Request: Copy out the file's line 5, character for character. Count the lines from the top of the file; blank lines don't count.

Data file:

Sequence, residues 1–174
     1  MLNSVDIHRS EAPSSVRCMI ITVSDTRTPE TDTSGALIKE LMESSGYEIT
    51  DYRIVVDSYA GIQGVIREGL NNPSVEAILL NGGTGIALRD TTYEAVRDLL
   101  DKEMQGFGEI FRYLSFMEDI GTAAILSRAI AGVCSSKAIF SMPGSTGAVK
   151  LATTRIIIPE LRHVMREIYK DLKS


   151  LATTRIIIPE LRHVMREIYK DLKS